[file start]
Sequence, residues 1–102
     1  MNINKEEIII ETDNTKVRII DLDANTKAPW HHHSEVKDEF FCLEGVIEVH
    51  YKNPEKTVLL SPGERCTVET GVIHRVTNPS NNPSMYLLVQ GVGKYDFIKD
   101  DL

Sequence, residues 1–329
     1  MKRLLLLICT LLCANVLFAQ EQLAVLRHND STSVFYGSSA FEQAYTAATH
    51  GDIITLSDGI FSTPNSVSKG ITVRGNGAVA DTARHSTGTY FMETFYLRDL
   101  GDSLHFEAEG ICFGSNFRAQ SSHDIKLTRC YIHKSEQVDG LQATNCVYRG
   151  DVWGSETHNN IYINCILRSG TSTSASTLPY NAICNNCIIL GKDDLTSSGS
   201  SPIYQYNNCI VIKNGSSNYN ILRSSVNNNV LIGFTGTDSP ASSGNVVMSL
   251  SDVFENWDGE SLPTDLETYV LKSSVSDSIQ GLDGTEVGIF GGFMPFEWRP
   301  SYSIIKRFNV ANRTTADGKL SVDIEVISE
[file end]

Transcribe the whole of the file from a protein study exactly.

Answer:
Sequence, residues 1–102
     1  MNINKEEIII ETDNTKVRII DLDANTKAPW HHHSEVKDEF FCLEGVIEVH
    51  YKNPEKTVLL SPGERCTVET GVIHRVTNPS NNPSMYLLVQ GVGKYDFIKD
   101  DL

Sequence, residues 1–329
     1  MKRLLLLICT LLCANVLFAQ EQLAVLRHND STSVFYGSSA FEQAYTAATH
    51  GDIITLSDGI FSTPNSVSKG ITVRGNGAVA DTARHSTGTY FMETFYLRDL
   101  GDSLHFEAEG ICFGSNFRAQ SSHDIKLTRC YIHKSEQVDG LQATNCVYRG
   151  DVWGSETHNN IYINCILRSG TSTSASTLPY NAICNNCIIL GKDDLTSSGS
   201  SPIYQYNNCI VIKNGSSNYN ILRSSVNNNV LIGFTGTDSP ASSGNVVMSL
   251  SDVFENWDGE SLPTDLETYV LKSSVSDSIQ GLDGTEVGIF GGFMPFEWRP
   301  SYSIIKRFNV ANRTTADGKL SVDIEVISE